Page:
Former Secretary of State Condoleezza Rice said Thursday that she defends the Second Amendment because her father used his gun to help protect their neighborhood from Ku Klux Klan members during the Jim Crow era.
Rice, who led the State Department in the George W. Bush administration, explained on ABC's "The View" that growing up in Birmingham, Alabama, showed her the value of private gun ownership. At the time, Theophilus Eugene "Bull" Connor was the commissioner of public safety, and he notoriously mistreated black Alabamians.
"Let me tell you why I'm a defender of the Second Amendment. I was a little girl growing up in Birmingham, Alabama, in the late '50s, early '60s," Rice said. "There was no way that Bull Connor and the Birmingham police were going to protect you."
"So when white night riders would come through our neighborhood, my father and his friends would take their guns and they'd go to the head of the neighborhood, a little cul de sac, and fire in the air if anybody came through," she added, saying she did not recall them ever shooting anyone.
Rice explained that the way her father and his friends protected the neighborhood depended upon law enforcement not being able to round up their guns easily.
"I'm sure if Bull Connor had known where those guns were, he would have rounded them up," she said. "So I don't favor some things like gun registration."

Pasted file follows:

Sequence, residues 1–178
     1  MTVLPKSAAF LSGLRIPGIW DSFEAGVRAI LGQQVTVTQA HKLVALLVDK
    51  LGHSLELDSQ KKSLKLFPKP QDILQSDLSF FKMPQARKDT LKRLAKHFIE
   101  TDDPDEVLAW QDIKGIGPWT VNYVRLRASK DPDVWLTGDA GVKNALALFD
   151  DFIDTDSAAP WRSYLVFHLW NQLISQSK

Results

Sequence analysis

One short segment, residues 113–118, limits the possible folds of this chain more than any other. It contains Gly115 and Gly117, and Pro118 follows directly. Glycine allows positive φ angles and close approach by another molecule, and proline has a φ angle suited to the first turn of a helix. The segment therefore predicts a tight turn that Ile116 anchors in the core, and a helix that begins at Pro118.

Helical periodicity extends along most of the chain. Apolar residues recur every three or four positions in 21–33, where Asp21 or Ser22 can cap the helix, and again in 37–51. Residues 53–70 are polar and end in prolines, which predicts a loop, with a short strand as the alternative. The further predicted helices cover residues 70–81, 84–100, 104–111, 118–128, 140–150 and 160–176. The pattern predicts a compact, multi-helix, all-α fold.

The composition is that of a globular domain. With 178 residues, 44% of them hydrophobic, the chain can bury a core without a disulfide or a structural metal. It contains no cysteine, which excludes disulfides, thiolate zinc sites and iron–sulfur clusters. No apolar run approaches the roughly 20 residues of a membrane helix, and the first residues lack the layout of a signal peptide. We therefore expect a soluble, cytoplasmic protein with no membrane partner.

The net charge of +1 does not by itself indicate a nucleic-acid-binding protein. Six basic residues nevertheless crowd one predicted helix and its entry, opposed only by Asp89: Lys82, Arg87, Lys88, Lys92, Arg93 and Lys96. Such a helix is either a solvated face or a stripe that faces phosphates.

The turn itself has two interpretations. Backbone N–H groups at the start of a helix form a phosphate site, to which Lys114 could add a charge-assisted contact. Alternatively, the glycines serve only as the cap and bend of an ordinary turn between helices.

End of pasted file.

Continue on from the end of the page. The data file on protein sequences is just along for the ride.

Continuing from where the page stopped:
Rice called for a national conversation about guns, arguing that no single policy can prevent shootings like the one in Parkland, Florida, last month. She then said that discussion should focus on whether "military weapons" should be in civilian hands and whether age minimums should be imposed.
She drew applause by criticizing law enforcement for its inaction in the face of warning signs about the Parkland shooter.
"Finally, let me just say, we also need to realize if you get that many tips about somebody that they're going to cause harm, go and figure out what was going on," she said.
Co-host Joy Behar then pushed back on the idea that higher age minimums would affect mass shootings, which President Donald Trump has supported along with others.
"Out of the 156 mass shootings between 2009 and 2016, only 11 were under 21 and many of the ones who were under 21 got those weapons from somebody who was over 21," Behar said.
Co-host Meghan McCain then brought up the fact that no National Rifle Association member has ever perpetrated a mass shooting. She expressed concern that Trump said Wednesday that due process should come "second" in seizing people's guns.
"As a vocal NRA supporter and Second Amendment supporter, we feel vilified, and when President Trump says 'take the guns first, go through due process second,' that turns me into someone that gets very tribal and territorial because I'm not sure what he means," McCain said.
"He doesn't know what he's talking about," Behar interjected. "That's against the law."
Soon after, Behar held up the Australian mandatory buyback as an example. That policy led to the confiscation of about 650,000 guns in the country and created a registry.
"In Australia, they had a buyback, so you could give them back," Behar said.